Despite the desires of his lovely wife and the expectations of the mainstream press, the President, in one swift stroke, curtailed one of the most dangerous and troubling trends in American life, the habit of discriminating against people because of things they have no control over.

The civil rights ideal which for years was based on the righteous pursuit of a color—blind society and of a fair playing field for all where the content of character was paramount and no regard could be given to race, relgion or gender, has, of course, turned into a fraudulent game of race—based policies that even a South Afrikaner would regard with distaste.

The cheerleaders of 'diversity' inadvertently echo and emphasize the beliefs of the worst racist.

The same people, who would recoil at the notion that a black woman might behave or think in a certain way, insist that a black woman be placed in a certain position because of the unique way that a black woman would behave or think. Jury selections are only the most glaring and obvious cases of this type of thinking. In its starkest formulation of the new 'civil rights' approach, a person can be counted on to think or behave based on their skin color, religion, or gender. How the mind reels at plain speaking! But the obviousness of their approach somehow never dawns on the liberal mind. They are doing good! Don't confuse them with things like thought, consistency, and simple fairness.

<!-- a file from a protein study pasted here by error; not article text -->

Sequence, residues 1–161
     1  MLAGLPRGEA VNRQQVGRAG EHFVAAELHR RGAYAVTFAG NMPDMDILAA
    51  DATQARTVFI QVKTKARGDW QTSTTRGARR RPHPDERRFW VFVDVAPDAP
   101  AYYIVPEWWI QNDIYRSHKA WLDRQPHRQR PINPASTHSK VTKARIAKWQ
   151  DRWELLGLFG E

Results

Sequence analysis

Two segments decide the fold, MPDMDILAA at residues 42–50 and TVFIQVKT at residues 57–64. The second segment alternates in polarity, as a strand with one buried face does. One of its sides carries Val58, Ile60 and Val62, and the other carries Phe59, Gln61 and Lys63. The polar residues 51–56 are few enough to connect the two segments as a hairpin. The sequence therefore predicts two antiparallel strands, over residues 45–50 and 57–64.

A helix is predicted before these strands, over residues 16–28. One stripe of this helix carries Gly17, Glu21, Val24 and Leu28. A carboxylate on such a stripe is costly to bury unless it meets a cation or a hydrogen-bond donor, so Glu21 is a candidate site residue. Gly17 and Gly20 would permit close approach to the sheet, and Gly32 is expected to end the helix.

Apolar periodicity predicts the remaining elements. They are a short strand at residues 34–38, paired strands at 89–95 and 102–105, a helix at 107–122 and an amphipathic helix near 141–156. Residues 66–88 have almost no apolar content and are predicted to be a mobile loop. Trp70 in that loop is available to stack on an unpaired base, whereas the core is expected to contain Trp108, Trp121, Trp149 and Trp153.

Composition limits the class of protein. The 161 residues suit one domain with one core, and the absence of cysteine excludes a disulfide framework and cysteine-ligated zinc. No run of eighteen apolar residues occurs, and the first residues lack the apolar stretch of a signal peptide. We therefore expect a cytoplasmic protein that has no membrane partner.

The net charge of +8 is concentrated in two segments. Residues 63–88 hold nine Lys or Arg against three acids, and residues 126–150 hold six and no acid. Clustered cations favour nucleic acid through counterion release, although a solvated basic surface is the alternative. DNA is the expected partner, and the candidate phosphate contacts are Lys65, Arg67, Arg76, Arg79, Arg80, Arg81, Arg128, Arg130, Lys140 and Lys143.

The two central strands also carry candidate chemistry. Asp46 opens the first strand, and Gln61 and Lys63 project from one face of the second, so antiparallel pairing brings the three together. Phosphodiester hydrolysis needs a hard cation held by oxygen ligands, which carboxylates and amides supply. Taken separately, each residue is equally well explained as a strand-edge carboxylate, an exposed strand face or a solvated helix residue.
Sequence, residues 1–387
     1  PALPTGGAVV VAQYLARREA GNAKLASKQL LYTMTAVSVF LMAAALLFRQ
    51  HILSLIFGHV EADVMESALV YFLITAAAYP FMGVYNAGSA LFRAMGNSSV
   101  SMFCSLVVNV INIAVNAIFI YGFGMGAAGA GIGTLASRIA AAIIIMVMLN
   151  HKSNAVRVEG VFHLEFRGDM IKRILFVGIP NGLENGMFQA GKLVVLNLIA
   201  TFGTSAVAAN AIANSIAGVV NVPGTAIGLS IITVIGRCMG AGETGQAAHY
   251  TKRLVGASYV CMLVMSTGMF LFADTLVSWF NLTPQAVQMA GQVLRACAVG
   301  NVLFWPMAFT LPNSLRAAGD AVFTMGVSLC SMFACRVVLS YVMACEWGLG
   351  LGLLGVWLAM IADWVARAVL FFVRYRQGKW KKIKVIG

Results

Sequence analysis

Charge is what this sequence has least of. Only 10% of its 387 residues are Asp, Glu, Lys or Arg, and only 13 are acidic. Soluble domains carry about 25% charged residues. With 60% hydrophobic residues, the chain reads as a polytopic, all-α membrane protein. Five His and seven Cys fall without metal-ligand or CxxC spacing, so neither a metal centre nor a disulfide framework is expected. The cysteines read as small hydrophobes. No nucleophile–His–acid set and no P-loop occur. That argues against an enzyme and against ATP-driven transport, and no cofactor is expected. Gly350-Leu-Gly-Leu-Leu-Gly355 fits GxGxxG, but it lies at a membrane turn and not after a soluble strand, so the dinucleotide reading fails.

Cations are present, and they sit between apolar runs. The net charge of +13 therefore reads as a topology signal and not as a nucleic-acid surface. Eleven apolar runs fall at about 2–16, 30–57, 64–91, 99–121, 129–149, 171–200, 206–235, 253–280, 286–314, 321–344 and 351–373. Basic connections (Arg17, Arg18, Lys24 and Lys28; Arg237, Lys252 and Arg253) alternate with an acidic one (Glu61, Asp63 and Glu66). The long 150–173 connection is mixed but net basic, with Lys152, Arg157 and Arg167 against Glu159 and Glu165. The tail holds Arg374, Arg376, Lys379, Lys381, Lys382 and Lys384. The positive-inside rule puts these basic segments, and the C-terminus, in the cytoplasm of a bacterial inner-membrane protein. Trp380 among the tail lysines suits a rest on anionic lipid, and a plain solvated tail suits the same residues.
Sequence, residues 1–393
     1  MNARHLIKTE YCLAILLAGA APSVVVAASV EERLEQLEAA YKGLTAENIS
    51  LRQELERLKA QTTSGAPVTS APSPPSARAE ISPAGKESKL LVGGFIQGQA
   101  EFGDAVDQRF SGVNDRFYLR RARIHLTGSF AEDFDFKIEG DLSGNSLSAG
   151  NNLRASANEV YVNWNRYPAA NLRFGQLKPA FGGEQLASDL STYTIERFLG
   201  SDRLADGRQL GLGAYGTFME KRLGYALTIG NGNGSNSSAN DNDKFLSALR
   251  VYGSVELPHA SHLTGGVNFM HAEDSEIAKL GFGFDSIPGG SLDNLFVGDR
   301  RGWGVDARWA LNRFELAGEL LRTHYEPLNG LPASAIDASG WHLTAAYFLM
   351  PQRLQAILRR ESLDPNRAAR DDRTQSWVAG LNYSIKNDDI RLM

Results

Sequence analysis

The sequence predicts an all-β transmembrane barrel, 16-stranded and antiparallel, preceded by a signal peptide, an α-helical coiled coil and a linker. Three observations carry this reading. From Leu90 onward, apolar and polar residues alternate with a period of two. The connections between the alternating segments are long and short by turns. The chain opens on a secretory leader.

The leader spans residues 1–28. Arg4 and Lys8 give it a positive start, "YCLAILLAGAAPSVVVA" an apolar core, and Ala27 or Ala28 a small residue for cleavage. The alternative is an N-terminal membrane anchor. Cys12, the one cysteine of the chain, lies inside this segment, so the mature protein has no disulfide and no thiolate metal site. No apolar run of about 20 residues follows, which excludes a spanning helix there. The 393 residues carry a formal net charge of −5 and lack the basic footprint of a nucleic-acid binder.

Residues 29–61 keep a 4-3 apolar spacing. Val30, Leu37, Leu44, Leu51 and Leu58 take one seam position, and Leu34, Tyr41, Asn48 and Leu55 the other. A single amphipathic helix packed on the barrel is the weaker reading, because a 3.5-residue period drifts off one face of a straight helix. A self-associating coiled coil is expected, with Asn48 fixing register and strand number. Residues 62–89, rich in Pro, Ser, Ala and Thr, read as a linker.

Bush should be given plaudits for eschewing the approach of continuing a 'seat' for any group or type. No longer need there be a 'Jewish' seat, a 'Black' seat, a 'Woman's' seat. Some liberal pundits following this trend were even going so far to expectantly reserve seats based on degrees of approved right—left ratios; thus O'Connor must be replaced by a middle of the roader 'who would bring us together.' There was no doubt soon to be the 'consensus, light—weight, quasi—conservative, tea—leaves in India seat' (Kennedy), the 'hard—ass conservative seat'(Scalia), 'the clueless Liberal fossil seat' (Stevens), etc.

The frustration in listening to liberals, (and even some conservatives,) discuss things like court appointments, foreign policy, economic issues and so forth, is not simply the dearth of even rudimentary knowledge and lack of grasp of things like facts, it is the unserious prattle, it is the childish, school—yard approach. Schumer and companies talking points bring a new low to the meaning of the word 'nonsense.'

So regardless of how Roberts votes over the next forty or so years, Bush has gotten one thing deliciously right.

To top off the beauty of the thing, McCain spoke this weekend about the need for Bush to appoint a woman to the next available Supreme Court vacancy. Mr. Straight—talk really has a knack. Doesn't he?

Andrew Sumereau is a frequent contributor